Social inequality is mirrored by political inequality. In Colombia, political participation of people’s movements and democratic forces is limited. The State stigmatizes, persecutes, and assassinates people who subscribe to left or oppositional ideological currents, as shown by the systematic assassination of social leaders (Indepaz 2018).
Social Leaders and Defenders of Human Rights Assassinated in 2019 (1 January–26 July)
The Cold War, followed by the implementation of a hybrid war through Plan Colombia, furthered the practice of physically eliminating social organisations, movements, and political parties–especially among the left. In 1984, after the first peace accord between the State and the Revolutionary Armed Forces of Colombia (Fuerzas Armadas Revolucionarias de Colombia or FARC), the left formed a political platform known as the Patriotic Union (Unión Patriótica). A political genocide was carried on against the people who were associated with the Patriotic Union: for instance, four thousand students were killed in the 1980s and 1990s (Cepada 2006). Today, this violence is being experienced once again. In 2018, the Center for Research and Popular Education Peace Program (Centro de Investigacion y Educacion Popular Programa Por La Paz or CINEP) documented 1,151 death threats, 648 assassinations, and 304 cases of physical injuries as well as numerous cases of harassment (CINEP 2019).
In 2016, under pressure from a growing popular movement for peace, the Colombian State and the FARC signed a new peace accord. This Accord came after four years of negotiation and is organised around six main points:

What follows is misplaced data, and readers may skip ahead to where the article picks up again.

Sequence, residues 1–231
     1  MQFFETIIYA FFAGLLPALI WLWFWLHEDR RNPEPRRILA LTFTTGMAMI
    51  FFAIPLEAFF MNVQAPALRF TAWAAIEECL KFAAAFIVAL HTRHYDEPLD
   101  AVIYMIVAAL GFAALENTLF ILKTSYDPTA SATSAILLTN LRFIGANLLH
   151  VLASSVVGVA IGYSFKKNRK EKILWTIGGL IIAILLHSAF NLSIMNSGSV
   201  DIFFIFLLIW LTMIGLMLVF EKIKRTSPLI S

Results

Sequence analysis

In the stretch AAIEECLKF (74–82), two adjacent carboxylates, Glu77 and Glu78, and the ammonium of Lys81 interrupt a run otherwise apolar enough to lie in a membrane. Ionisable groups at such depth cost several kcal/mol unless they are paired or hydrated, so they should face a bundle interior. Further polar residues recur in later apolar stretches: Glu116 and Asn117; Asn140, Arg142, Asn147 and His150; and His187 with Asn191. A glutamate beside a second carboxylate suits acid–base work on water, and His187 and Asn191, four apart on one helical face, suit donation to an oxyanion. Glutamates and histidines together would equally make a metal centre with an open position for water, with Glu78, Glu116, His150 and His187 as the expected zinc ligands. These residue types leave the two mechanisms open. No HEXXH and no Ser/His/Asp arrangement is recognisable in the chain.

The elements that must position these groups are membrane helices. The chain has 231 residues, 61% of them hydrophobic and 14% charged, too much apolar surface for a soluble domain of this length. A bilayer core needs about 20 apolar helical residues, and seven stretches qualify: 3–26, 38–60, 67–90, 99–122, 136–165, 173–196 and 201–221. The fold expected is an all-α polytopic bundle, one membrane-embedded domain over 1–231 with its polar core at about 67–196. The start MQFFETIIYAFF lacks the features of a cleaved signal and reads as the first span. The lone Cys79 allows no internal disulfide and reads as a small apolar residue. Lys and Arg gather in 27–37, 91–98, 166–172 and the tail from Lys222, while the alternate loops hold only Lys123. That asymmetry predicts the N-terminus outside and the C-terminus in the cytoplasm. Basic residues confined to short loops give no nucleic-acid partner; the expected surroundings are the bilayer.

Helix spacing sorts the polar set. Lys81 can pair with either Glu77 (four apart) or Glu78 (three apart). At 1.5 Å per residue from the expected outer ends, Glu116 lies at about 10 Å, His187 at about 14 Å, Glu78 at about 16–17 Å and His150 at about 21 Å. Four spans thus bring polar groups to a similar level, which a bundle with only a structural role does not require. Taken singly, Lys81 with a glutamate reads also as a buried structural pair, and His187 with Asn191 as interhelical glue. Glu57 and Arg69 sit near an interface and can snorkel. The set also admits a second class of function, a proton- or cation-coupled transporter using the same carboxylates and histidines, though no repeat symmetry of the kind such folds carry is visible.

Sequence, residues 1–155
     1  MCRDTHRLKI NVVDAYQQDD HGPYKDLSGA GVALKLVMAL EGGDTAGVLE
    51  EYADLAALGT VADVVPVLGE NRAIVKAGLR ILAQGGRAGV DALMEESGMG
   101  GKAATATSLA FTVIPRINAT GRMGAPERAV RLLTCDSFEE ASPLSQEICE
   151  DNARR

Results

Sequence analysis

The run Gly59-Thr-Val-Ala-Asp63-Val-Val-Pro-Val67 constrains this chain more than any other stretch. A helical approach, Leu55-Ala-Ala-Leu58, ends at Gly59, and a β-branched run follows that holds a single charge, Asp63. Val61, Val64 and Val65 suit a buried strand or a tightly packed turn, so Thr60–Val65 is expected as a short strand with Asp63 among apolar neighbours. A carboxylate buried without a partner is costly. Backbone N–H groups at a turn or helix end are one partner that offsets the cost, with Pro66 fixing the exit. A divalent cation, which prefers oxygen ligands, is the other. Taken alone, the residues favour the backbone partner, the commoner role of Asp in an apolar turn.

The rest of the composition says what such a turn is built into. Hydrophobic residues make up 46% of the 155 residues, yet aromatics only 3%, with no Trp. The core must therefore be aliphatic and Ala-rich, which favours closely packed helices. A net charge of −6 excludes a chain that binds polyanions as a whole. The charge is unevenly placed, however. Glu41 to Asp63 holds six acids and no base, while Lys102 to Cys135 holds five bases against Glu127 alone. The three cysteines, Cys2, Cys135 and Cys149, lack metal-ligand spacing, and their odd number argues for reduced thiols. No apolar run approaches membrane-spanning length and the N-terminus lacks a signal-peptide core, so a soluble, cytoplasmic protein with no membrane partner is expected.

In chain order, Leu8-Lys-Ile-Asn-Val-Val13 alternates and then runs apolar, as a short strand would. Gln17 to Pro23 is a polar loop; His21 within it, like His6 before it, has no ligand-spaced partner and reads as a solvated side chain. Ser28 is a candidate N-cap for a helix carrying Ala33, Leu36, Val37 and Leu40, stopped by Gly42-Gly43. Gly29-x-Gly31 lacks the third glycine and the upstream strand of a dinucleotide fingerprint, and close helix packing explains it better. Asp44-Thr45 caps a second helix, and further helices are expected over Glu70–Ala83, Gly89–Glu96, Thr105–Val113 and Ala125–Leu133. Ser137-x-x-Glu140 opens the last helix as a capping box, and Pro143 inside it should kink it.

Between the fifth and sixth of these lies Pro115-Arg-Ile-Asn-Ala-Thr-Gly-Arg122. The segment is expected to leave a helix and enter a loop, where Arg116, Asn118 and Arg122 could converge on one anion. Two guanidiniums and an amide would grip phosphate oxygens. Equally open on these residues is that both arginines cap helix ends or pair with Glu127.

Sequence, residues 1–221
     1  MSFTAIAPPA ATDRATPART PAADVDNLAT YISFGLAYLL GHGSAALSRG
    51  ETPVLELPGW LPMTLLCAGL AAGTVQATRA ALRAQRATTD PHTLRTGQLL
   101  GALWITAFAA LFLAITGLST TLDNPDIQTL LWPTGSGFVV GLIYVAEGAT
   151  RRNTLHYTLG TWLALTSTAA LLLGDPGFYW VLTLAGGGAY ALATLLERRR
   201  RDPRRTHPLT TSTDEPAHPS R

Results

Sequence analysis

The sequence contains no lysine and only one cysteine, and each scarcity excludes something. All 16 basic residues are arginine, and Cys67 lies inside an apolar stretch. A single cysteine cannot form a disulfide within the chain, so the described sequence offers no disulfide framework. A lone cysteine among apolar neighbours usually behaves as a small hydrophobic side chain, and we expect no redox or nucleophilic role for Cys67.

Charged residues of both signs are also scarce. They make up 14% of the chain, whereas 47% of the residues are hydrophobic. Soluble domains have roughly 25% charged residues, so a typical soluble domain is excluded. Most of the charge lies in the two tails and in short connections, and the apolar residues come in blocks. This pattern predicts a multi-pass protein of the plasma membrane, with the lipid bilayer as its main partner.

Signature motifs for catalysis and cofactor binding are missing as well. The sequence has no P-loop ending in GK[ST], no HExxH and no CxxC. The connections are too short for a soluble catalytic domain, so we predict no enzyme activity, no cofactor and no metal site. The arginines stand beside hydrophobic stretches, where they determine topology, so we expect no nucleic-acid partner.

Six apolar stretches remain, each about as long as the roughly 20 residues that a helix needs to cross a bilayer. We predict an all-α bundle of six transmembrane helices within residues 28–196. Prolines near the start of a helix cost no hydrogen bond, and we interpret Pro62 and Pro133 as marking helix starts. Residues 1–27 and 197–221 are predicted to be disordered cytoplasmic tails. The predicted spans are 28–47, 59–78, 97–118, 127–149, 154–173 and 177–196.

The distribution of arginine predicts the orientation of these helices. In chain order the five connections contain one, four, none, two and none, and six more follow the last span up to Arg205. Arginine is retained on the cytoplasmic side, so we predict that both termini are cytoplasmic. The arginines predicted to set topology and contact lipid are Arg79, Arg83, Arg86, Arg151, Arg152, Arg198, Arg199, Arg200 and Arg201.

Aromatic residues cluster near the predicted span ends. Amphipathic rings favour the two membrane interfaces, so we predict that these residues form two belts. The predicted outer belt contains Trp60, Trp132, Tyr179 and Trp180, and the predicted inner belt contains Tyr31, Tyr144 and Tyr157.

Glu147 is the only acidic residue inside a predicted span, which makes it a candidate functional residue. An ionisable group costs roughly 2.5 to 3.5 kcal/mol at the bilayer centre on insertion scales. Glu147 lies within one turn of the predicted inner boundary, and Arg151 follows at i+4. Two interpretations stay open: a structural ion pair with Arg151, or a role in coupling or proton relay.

- Undertake comprehensive rural reform by land redistribution. A trust of three million hectares has to be given to peasants, indigenous peoples, and Afro-Colombians. The Accord sets up the basis for the creation of development programmes that are required to partner with rural organisations.
- Build peace through the incorporation of all parties into the democratic processes. The Accord creates a Statute of Opposition that is dedicated to guaranteeing the rights of social movements, grassroots movements, and political parties to participate in the full range of political activity.
- End the conflict by a ceasefire and by laying down arms.
- Create a collective and comprehensive solution to the illegal drugs problem.
- Create a truth, justice, reparations, and non-recurrence system that both looks back at the violence and looks forward to it not reappearing.
- Creation of a commission for monitoring, promoting, and verifying the implementation of the final agreement (Peace Accords 2016).
Two subsections of this agreement have not been implemented: (1) to create a Special Transitory Peace Electoral Districts (Circunscripciones Transitorias Especiales de Paz or STPED) that would incorporate sixteen representatives of the people’s movements into the Congress; (2) structural reform of the political system.
The extent of the Accord’s proposed reforms and their political implications have provoked fierce resistance from the political and economic sectors who benefit from the entrenched inequality,